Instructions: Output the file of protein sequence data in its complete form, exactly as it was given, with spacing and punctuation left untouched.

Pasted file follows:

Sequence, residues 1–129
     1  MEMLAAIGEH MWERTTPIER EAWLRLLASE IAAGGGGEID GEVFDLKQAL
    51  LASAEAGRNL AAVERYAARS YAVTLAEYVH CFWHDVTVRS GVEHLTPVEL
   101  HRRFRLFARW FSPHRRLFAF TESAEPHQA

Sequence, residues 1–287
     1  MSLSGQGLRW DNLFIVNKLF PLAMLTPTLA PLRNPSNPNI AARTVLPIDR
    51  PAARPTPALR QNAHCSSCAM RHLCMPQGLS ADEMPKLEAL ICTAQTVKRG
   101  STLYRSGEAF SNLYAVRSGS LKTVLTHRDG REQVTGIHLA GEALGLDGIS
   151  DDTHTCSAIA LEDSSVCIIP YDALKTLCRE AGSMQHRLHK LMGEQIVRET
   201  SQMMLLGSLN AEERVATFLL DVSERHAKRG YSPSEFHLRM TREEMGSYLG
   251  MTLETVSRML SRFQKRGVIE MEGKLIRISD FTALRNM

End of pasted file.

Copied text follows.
Sequence, residues 1–129
     1  MEMLAAIGEH MWERTTPIER EAWLRLLASE IAAGGGGEID GEVFDLKQAL
    51  LASAEAGRNL AAVERYAARS YAVTLAEYVH CFWHDVTVRS GVEHLTPVEL
   101  HRRFRLFARW FSPHRRLFAF TESAEPHQA

Sequence, residues 1–287
     1  MSLSGQGLRW DNLFIVNKLF PLAMLTPTLA PLRNPSNPNI AARTVLPIDR
    51  PAARPTPALR QNAHCSSCAM RHLCMPQGLS ADEMPKLEAL ICTAQTVKRG
   101  STLYRSGEAF SNLYAVRSGS LKTVLTHRDG REQVTGIHLA GEALGLDGIS
   151  DDTHTCSAIA LEDSSVCIIP YDALKTLCRE AGSMQHRLHK LMGEQIVRET
   201  SQMMLLGSLN AEERVATFLL DVSERHAKRG YSPSEFHLRM TREEMGSYLG
   251  MTLETVSRML SRFQKRGVIE MEGKLIRISD FTALRNM